Jewish World Review April 23, 1999 /7 Iyar, 5759
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Washington rose above the press.
John Adams despised the press, beginning a long and honored tradition in the White House.
Jefferson suffered the press, at least for as long as he could. The press in his day was as insufferable as the media today.
The Jacksonians created their own press.
Lincoln, after writing his own account of the Lincoln-Douglas debates (in which he came out very well), followed his ideas no matter what the newspapers said -- and saved the Union.
Teddy Roosevelt needed no publicity agent; he was his own.
Woodrow Wilson seemed to believe his own press clips, always a mistake for a public figure.
Franklin D. Roosevelt was the absolute master of his preferred medium -- radio. He may have been the first president to demonstrate the fading power of the written word by his mastery of the spoken one.
Ike didn't need to be articulate; he had that smile. He demonstrated how the speaker could substitute for the speech.
Richard Nixon didn't need any help to sink himself, but he got plenty from the media. He was one of the many politicians who ran against the press and with great success. But in the end not even the enmity of the media could save him. There came a time when he was even more despised than the press.
Ronald Reagan, The Music Man, didn't need the press, just a camera. Much like John F. Kennedy before him. Both were charmers. JFK came on with some subtlety; The Great Communicator marched on with 76 trombones and restored a nation's confidence.
Happily, the health of the American presidency is largely independent of the press. But it is not independent of the presidents who have shaped the office -- their character and competence, their convictions and compromises.
Some of the most popular of presidents have proven the least effectual. Poor Warren Harding springs to mind like a hangover. So does the current occupant of the office.
Some of the most reviled presidents have proven the greatest. Yes, I'm thinking of Lincoln. Then again, some of the most reviled presidents needed to be. No need to go into detail.
Yes, it is possible to over-estimate the importance of character in a president. Grover Cleveland may have been the last president of the United States of impeccable character. Or maybe it was Herbert Hoover. It scarcely matters. However they may have affected the country, neither would seem to have had any discernible influence on the character of the presidency.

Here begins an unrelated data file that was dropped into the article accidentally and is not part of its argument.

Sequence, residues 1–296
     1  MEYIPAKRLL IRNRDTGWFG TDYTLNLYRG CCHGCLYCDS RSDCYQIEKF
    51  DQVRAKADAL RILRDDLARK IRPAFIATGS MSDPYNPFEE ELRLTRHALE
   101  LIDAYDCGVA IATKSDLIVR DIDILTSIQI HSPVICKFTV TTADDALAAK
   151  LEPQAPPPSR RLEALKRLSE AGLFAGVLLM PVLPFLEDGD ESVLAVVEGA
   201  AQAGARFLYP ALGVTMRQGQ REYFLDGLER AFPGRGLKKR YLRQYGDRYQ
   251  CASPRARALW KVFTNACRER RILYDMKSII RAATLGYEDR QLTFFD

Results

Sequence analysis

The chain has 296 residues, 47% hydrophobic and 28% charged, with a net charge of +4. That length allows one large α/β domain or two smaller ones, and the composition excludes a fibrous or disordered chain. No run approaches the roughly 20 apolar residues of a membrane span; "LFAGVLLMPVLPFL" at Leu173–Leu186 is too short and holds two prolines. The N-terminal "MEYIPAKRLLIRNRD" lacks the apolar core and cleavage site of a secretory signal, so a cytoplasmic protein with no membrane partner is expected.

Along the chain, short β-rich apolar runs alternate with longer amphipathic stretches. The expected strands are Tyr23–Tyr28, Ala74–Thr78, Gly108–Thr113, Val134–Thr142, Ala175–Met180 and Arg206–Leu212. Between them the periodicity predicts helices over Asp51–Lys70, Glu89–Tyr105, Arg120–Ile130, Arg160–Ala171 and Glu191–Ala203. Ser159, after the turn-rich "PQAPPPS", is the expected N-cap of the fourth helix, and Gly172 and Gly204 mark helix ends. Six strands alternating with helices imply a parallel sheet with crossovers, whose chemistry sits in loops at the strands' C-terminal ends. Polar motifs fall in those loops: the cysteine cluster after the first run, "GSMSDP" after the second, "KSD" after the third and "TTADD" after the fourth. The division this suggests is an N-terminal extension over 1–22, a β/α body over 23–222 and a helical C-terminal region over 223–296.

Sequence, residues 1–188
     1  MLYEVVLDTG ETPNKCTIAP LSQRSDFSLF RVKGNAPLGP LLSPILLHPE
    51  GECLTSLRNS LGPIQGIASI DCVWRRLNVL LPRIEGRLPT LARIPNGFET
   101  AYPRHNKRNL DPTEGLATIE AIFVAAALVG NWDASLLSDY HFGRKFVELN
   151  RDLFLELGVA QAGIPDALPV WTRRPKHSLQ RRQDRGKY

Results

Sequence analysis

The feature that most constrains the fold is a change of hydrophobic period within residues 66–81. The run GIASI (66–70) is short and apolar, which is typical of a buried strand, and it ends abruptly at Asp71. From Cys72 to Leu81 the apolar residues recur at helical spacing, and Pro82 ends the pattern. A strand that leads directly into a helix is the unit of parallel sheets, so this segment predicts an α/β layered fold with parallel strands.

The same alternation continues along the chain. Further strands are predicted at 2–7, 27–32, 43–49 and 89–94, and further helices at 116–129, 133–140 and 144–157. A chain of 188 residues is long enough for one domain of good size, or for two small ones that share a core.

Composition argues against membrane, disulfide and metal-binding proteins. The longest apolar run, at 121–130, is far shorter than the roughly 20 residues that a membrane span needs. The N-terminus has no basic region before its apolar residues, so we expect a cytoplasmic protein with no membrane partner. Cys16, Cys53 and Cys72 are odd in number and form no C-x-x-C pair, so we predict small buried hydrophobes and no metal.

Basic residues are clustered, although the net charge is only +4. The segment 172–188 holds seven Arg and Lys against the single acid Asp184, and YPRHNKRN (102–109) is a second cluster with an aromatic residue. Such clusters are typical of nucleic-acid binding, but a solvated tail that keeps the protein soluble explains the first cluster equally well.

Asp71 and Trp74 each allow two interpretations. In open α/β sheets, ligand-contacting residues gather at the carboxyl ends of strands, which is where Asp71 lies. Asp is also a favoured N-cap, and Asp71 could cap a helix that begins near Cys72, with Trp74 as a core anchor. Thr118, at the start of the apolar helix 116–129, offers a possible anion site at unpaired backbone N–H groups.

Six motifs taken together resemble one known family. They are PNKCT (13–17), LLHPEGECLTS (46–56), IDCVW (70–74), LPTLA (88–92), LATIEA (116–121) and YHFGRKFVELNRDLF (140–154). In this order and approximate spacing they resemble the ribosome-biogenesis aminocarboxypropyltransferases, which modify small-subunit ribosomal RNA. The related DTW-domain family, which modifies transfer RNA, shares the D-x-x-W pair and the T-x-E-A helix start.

At any rate, impeccable character in a president would not seem to be the greatest problem facing the country today. William Jefferson Clinton, as he is known in state papers, articles of impeachment and contempt citations, just keeps bobbing along, unsinkable, riding the popular tide.
The American presidency is today decidedly weaker than this president found it, but it has been even weaker before. It will recover.
Prediction: In the hands of a president less interested in using its powers as a personal shield, the presidency will emerge stronger in the future. There are cycles in these matters.
Presidential power, like American power abroad, is much more impressive when it can be assumed than when it must be employed. In that respect it's much like the nation's alliances. See the proud history and troubled present of the North Atlantic Treaty Organization. It has been one of the most successful military and political arrangements in recent history. It bestrides the world -- so long as it doesn't need to be invoked.
But somehow this president has managed to erode even NATO's credibility -- just in time for its 50th anniversary. The allies' ability to assure stability in Europe now hinges on whether this president will remain steadfast or slink away and call it peace in our time. By this time NATO's commander -- Wesley Clark -- must be the most frustrated man in the Western world. Having to wage war by committee will do that to a general.
The most unsettling aspect of both the presidency and the press in this poll-driven age is an excess of caution -- a failure of faith in the nation's ideas, beliefs, traditions. It's as if both the presidency and the press have grown fearful of where those ideals might lead -- and what they might demand of us.
It's as if both the president and his critics seek not to lead public opinion but only to reflect it. That's troublesome.
Yes, there are cycles in these matters. Surely a sense of confidence and direction will return -- just as the Progressive Era followed the Gilded Age. A new burst of energy and vision followed the last decade of the last century. Maybe it'll soon happen again.
Some of us can
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